BammRose was sitting in her backyard on a June afternoon, when it had only been a week and a half since George Floyd was murdered by Minneapolis police, sparking protests across the country in defense of Black lives.
A pole dance instructor and stripper, Bamm, 24, felt the time had come to hold her own industry accountable for the racism perpetuated against Black women, who perform at strip clubs for a living. She texted the owner of Sin City, a strip club in a South Philadelphia neighborhood, where she taught pole dancing classes: “He’s profiting off of Black and Hispanic women. I asked him, how do you intend to give back to us?” Bamm alleges her employer didn’t have her number saved. After telling him who she was, he didn’t immediately respond to her question. Sin City did not respond to requests for comment on the club’s treatment of its Black strippers.
That same day, Bamm announced that she would no longer work for Sin City via Instagram.
The post attracted over 500 likes and comments from strippers and allies supporting her decision, and became a call to action.
Bamm decided to switch to activism full time, and is now the CEO of Stilettos Inc., a grassroots organization led by sex workers that provides support to Black dancers, and has called for a strippers’ strike in Philadelphia. The Stilettos, as they call themselves, are not alone in mobilizing for the workplace rights of Black dancers in the stripping industry.
In Portland, more than a hundred strippers went on strike in June against what they claimed were racist hiring practices, and organized rallies pressuring strip clubs to hold racial sensitivity trainings, hire Black dancers, and give them profitable shifts. The hashtag #NoJusticeNoBooty trended widely on social media in late June.
The movement started when strip clubs participated in #BlackOutTuesday, participating in “performative activism” that frustrated Cat Hollis, a Black dancer and founder of Haymarket Pole Collective. Hollis alleges that the clubs claiming to support Black Lives Matter rarely hired or centered Black strippers, and her anger was shared by many other Black dancers in the city, and even gained the sympathy of non-Black strippers as well.
“Just in a moment of pure rage, [I told them], you guys should just strike,” Hollis, 30, said.
At the root of the strippers’ strike is a demand for better, safer working conditions, fair wages, and protection from sexual assault. Even though strippers are the main entertainers at strip clubs, most of them are independent contractors, who pay stage fees to perform. As a result, they are not guaranteed safety, fixed wages, health care, or recourse for the sexual harassment, stalking, and rape they experience on the job. And for Black women, the risks of sex work are magnified by racism.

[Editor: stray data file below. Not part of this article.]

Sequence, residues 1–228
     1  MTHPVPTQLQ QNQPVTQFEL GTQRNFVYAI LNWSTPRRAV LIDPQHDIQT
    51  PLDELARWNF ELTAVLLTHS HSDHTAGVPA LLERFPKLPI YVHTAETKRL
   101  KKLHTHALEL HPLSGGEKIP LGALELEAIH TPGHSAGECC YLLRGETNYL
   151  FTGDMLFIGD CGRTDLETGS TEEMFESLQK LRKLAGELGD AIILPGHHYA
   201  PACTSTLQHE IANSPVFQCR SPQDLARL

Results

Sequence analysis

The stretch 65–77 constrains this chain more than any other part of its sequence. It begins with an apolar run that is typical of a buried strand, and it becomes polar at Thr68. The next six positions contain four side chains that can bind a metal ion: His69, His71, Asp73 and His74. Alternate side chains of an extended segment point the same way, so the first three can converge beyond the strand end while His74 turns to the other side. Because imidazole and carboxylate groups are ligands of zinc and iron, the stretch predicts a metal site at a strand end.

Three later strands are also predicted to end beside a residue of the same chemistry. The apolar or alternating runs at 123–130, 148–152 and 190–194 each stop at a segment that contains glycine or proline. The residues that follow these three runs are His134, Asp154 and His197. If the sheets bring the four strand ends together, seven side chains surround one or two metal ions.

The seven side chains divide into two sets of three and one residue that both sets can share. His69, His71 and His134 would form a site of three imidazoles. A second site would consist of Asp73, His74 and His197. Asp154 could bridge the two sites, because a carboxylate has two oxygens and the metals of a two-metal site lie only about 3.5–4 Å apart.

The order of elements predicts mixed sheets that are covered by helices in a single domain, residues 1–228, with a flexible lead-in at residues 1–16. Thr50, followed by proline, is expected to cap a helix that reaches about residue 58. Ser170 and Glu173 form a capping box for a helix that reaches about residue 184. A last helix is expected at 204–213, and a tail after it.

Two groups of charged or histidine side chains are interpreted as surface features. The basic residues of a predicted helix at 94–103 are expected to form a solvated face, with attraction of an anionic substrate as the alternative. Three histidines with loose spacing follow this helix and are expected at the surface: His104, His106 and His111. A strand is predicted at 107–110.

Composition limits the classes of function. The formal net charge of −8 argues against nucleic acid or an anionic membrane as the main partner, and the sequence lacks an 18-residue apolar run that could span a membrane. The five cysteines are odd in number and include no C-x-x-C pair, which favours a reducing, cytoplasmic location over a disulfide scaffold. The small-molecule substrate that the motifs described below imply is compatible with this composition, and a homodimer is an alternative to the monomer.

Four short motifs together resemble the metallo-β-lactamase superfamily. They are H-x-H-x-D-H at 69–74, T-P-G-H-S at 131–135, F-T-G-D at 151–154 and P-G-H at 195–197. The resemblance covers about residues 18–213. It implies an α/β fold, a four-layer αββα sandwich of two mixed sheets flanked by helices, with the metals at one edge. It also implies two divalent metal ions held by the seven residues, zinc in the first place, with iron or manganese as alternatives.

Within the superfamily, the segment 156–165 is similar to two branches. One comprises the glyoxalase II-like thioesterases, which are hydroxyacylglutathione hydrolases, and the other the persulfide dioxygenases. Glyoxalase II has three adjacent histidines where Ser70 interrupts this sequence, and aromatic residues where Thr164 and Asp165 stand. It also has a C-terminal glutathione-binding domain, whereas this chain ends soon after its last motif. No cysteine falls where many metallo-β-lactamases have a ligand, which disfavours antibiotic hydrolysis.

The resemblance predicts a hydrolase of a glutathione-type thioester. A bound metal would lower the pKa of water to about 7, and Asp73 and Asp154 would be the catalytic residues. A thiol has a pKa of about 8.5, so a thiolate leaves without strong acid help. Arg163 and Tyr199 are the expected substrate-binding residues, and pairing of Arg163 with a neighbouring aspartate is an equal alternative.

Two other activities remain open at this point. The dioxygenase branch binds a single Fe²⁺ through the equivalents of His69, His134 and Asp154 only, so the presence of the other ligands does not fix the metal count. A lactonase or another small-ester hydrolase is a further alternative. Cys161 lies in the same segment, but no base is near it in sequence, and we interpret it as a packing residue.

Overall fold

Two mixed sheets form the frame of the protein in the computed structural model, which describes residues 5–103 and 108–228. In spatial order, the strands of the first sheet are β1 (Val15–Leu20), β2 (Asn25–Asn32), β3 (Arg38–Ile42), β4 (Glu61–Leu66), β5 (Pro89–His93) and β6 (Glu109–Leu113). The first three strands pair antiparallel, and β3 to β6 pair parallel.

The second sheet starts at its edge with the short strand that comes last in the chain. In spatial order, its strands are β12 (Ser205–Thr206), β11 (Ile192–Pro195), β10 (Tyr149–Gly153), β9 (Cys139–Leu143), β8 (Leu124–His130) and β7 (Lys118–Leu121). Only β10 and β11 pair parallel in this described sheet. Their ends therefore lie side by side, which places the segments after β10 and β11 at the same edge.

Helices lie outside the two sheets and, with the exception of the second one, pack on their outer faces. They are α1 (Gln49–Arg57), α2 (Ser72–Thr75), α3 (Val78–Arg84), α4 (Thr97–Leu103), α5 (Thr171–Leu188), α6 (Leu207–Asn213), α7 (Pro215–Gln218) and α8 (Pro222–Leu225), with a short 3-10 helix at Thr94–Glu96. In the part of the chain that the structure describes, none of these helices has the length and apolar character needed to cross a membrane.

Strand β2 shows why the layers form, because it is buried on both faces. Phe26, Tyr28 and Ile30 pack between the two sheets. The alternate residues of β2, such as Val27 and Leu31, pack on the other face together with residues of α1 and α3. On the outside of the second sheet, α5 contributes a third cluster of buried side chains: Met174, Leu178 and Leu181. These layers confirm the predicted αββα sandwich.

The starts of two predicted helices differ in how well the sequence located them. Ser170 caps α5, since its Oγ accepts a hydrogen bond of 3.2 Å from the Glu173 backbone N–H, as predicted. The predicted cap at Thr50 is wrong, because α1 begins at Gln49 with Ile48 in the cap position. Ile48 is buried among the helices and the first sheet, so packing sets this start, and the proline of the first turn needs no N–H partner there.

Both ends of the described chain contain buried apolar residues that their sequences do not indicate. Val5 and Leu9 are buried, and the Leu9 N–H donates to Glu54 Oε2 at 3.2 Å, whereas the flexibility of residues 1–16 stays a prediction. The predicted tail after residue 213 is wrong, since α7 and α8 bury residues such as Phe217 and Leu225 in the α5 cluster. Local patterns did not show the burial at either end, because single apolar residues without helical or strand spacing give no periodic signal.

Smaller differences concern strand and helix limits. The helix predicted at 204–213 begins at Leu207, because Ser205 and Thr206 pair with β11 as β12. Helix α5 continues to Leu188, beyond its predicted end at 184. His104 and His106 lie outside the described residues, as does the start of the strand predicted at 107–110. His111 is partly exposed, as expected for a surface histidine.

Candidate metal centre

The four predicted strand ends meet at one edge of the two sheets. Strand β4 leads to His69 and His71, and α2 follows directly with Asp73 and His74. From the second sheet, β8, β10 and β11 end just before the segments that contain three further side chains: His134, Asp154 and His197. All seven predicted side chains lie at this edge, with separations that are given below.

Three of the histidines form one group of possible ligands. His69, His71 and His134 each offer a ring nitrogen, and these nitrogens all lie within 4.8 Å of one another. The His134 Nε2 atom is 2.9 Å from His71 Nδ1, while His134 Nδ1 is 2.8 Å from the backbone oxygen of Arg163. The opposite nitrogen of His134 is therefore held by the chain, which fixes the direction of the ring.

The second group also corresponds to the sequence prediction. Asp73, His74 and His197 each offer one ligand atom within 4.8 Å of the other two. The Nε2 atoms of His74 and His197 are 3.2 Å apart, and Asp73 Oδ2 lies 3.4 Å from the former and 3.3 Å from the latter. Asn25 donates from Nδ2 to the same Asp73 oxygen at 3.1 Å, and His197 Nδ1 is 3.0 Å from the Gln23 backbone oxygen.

“We have to pay to work here, and customers are coming in because they want to grope women,” Bamm said. “And if a girl defends herself, she’s out. She’s fired. Especially if she’s a Black girl.”
Misogynoir in the stripping industry
While stripping evolved from burlesque, a racy dance that emerged in the Victorian era, it has always found its roots in the creative labor of women of color. Bellydancing, a fixture at an 1893 Chicago exposition that displayed a racist human zoo, paved the way for exotic dance and the foundation of the modern strip club industry. Stripping flourished in the enclaves where people of color resided, such as the French Quarter in New Orleans or Harlem.
Black women struggle to find work at gentlemen’s clubs, and are pushed to work at urban clubs, where customers tip at a lower price and working conditions are often unsafe.
Today, strip clubs are divided between upscale gentlemen’s clubs, which are colloquially referred to as “White clubs” attracting a moneyed clientele, and “urban clubs” located in low-income, majority Black and Latinx neighborhoods. Black women struggle to find work at gentlemen’s clubs, and are pushed to work at urban clubs, where customers tip at a lower price and working conditions are often unsafe.
“When you look at housing markets and educational systems, strip clubs mirror that in terms of spatial racism,” said Siobhan Brooks, a professor at California State University, Fullerton, and the author of Unequal Desires: Racialized Erotic Capital in the Stripping Industry. “Most Black dancers work in clubs that are considered ‘easy access,’ where people can come in and touch dancers, or not pay them what they ask.”
Philadelphia has a population of 44% Black residents, and ranks as the poorest big city in the United States. This same citywide segregation is reflected in the strip clubs, where gentlemen’s clubs like Delilah’s and Cheerleaders market White dancers to middle-class clients, and clubs like Vanity Grand, Sin City, Oasis, and others cater to Black and Brown customers in areas distant from the city’s center. At urban clubs, light-skinned dancers are favored at the expense of darker-skinned women, and safety can also be an issue. In 2019, a stripper sued a South Philadelphia strip club for $1 million after losing eight teeth in a brawl.